In order to use statistics in a historical perspective, one does not need necessarily an exhaustive list but rather a chronologically correct sample taken from all the sources at our disposal.

I propose to draw a revised chart of name distribution in early Roman Palestine based on Cohen-Matlofsky 2001: 194, as follows:

On a sample of 549 Jewish names taken in either Hebrew, Aramaic, or Greek from the various sources, there were among the male names:

43 Shim`on and variables [Simai, Simewn (read Simeon), Simwn (read Simon)]
41 Yehochanan and variables [Ananias, Ananos, Chanan, Chananah, Chananyah, Chanin, Chanina, Choni, Iwanhs (read Ioanes), Iwanna (read Ioanna), Iwannes (read Ioannes), Yechoni, Yochanan]
37 ‘El`azar and variables [Elazaros, Eleazar, Eleazaros]
31 Yehoseph and variables [Iwshph (read Ioseph), Iwshphos (read Iosephos), Iwshpos (read Iosepos), Yoseh, Yoseph]
27 Yehudah and variables [Iouda, Ioudas, Ioudhs (read Ioudes)]
13 Yehonathan and variables [Iwnathhs (read Ionathes)]
10 Ya`aqob and variables [Iakkwbos (read Iakkobos), Iakwbos (read Iakobos)]
10 Yehoshua` and variables [Ihsous (read Iesous), Yeshua`]

Among the female names were:

26 Shlomsion and variables [Salamsi, Salampsiw (read Salampsio), Salwmh (read Salome), Selampsin, Shalom, Shlomsi, Shlomsin]
24 Miryam and variables [Mara, Maria, Mariah, Mariam, Mariamh (read Mariame), Mariammh (read Mariamme)].

As for the names of the Talpiot Tomb A, in light of the chart above: Yeshua` is the least common, Yehudah is the fifth least common, Mathiah is not even listed among the top 8 most common male names. I have treated Yoseh as a rare rendition of the name Yehoseph. Mariam/Mar(i)a is not the first most common female name in early Roman Palestine. Concerning the “cluster of names” as found in the Talpiot Tomb A, I wish the statisticians could revisit it in light of the above.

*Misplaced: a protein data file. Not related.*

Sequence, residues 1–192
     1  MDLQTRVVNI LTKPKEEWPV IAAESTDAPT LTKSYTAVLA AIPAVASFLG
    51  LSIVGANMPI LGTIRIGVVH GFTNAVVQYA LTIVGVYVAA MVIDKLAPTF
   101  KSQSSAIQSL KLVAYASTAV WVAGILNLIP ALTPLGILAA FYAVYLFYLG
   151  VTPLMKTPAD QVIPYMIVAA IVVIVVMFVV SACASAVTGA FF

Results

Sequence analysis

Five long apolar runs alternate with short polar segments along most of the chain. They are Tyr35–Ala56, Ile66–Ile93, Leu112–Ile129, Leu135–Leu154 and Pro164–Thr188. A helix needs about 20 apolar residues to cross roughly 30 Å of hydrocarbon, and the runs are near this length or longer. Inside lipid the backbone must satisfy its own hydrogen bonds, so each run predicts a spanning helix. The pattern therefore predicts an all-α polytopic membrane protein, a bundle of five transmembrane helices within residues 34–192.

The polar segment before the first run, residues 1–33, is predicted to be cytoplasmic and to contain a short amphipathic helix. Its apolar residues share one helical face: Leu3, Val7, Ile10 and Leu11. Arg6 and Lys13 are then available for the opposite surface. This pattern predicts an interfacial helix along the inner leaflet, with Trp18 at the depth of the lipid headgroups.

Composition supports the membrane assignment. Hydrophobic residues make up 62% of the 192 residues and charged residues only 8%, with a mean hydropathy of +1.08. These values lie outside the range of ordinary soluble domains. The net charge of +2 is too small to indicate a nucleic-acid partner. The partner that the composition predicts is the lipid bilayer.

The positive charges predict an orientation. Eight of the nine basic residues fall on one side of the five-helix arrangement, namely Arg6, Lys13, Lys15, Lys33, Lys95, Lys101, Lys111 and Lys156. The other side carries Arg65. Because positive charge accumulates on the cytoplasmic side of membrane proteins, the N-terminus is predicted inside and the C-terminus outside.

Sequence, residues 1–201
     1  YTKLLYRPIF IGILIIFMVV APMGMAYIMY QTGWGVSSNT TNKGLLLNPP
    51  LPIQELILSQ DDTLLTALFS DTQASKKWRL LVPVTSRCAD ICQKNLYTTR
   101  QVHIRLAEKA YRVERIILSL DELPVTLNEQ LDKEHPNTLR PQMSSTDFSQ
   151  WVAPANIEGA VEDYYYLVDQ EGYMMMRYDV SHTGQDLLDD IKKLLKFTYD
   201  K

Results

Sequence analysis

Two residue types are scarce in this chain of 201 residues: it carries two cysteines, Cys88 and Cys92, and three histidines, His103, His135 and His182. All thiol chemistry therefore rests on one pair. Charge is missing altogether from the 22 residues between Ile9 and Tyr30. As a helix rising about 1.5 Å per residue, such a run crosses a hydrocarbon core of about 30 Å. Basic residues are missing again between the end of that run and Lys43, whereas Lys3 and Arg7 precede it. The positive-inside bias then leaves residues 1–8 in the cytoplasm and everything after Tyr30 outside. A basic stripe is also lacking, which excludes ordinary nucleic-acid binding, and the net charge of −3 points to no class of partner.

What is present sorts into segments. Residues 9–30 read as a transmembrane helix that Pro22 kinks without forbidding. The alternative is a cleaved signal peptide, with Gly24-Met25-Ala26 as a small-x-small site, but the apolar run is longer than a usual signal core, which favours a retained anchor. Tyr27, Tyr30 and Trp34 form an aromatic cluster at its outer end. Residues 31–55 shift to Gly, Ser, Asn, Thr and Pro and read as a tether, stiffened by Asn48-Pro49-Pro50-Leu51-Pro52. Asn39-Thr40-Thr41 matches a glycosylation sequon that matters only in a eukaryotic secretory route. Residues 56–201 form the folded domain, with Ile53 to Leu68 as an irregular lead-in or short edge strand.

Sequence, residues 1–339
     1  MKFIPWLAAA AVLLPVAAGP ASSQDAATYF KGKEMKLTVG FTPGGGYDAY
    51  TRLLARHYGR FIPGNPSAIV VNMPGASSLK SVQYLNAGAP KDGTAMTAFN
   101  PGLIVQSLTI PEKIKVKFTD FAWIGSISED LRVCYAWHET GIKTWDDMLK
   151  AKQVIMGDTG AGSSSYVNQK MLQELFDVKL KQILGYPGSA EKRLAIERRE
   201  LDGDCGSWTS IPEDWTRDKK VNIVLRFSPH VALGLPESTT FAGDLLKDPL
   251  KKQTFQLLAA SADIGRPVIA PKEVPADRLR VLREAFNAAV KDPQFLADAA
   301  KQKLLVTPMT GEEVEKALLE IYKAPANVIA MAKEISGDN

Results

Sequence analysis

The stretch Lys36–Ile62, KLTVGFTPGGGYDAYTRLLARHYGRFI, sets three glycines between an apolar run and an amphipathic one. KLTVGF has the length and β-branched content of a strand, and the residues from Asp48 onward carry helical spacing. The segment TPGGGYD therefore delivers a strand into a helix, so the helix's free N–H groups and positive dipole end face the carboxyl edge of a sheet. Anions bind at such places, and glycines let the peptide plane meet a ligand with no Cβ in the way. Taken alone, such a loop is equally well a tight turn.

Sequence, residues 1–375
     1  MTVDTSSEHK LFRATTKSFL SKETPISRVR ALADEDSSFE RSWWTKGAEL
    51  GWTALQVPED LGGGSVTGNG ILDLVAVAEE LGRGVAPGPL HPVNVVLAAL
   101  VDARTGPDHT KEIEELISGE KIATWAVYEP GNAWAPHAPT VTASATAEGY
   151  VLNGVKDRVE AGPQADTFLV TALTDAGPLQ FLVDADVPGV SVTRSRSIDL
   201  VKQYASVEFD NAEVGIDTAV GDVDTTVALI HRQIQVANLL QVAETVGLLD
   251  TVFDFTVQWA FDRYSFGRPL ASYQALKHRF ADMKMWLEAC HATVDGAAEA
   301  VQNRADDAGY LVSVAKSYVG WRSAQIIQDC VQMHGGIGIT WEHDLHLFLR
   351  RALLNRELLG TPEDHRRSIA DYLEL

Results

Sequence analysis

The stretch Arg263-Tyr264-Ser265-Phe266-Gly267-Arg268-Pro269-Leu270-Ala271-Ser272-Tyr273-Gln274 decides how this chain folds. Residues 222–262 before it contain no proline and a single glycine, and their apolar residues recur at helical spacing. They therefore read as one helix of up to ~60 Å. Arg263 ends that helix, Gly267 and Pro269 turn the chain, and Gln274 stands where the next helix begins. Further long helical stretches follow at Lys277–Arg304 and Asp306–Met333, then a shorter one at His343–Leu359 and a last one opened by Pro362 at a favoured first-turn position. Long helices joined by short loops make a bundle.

Notes

1 See A. Lemaire, “Burial Box of James, Brother of Jesus,” BAR, 28, (2002): 24-33.

2 See C. Cohen-Matlofsky, Les Laïcs en Palestine d’Auguste à Hadrien: étude prosopographique, Paris, 2001.

3 See A. Fuerverger, “Statistical Analysis of an Archeological Find,” in Annals of Applied Statistics, 2, 2008, pp. 3-54, especially p.15.

4 H. Cotton et al. Eds, Corpus Inscriptionum Iudaeae/
Palaestinae, Volume I Jerusalem Part I, Walter De Gruyter, 2010.

*No part of this article may be reproduced in any format, electronic, print, or otherwise, without the expressed written permission of the author. Expressed written permission has been granted to the on-line journal, Bible and Interpretation. The article will be reproduced in its entirety, with expressed permission, in an upcoming book.





Comments (3)


Claude, this is a most welcome contribution and it seems to me you have made some real improvements in our methods and assumptions regarding these names in the tomb. I very much look forward to seeing you contribution in the forthcoming Charlesworth volume. From the contents it will contain much that is new and of value. I will see if one of our colleagues who has worked on the stats might attempt to see where these observations leave us. I think Jerry Lutgen, who has done a lot of work on the "assumptions" and variables, would be particularly interested in working through this. His articles on on this site, if you are not familiar with them.
#1 - James D. Tabor - 07/26/2012 - 16:11



Thanks James I look forward to anyone taking the challenge.
#2 - Claude Cohen-Matlofsky - 07/27/2012 - 02:00



Claude, I am glad that someof your conclusions here match my suggestions. It is very important that different works, on different sources, render similar conclusions. Thank you!
#3 - Eldad Keynan - 10/26/2012 - 01:35